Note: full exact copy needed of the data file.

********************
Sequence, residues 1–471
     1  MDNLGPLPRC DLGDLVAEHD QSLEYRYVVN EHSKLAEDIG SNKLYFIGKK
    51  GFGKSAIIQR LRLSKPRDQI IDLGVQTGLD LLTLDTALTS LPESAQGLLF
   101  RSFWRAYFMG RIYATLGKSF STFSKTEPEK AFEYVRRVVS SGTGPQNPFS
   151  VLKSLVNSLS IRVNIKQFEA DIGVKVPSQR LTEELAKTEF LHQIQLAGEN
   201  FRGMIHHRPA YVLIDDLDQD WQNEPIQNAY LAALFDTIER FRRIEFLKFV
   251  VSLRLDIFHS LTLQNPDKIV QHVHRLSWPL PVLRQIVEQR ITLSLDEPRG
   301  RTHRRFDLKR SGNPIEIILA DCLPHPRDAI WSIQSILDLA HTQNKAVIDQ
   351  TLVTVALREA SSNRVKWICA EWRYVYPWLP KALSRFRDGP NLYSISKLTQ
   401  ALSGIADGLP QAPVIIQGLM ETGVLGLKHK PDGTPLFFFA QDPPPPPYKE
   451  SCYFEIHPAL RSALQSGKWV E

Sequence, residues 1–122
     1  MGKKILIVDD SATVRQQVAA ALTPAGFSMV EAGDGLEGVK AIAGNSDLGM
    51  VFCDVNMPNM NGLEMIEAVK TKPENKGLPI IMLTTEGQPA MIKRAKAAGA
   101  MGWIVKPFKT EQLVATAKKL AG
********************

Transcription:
Sequence, residues 1–471
     1  MDNLGPLPRC DLGDLVAEHD QSLEYRYVVN EHSKLAEDIG SNKLYFIGKK
    51  GFGKSAIIQR LRLSKPRDQI IDLGVQTGLD LLTLDTALTS LPESAQGLLF
   101  RSFWRAYFMG RIYATLGKSF STFSKTEPEK AFEYVRRVVS SGTGPQNPFS
   151  VLKSLVNSLS IRVNIKQFEA DIGVKVPSQR LTEELAKTEF LHQIQLAGEN
   201  FRGMIHHRPA YVLIDDLDQD WQNEPIQNAY LAALFDTIER FRRIEFLKFV
   251  VSLRLDIFHS LTLQNPDKIV QHVHRLSWPL PVLRQIVEQR ITLSLDEPRG
   301  RTHRRFDLKR SGNPIEIILA DCLPHPRDAI WSIQSILDLA HTQNKAVIDQ
   351  TLVTVALREA SSNRVKWICA EWRYVYPWLP KALSRFRDGP NLYSISKLTQ
   401  ALSGIADGLP QAPVIIQGLM ETGVLGLKHK PDGTPLFFFA QDPPPPPYKE
   451  SCYFEIHPAL RSALQSGKWV E

Sequence, residues 1–122
     1  MGKKILIVDD SATVRQQVAA ALTPAGFSMV EAGDGLEGVK AIAGNSDLGM
    51  VFCDVNMPNM NGLEMIEAVK TKPENKGLPI IMLTTEGQPA MIKRAKAAGA
   101  MGWIVKPFKT EQLVATAKKL AG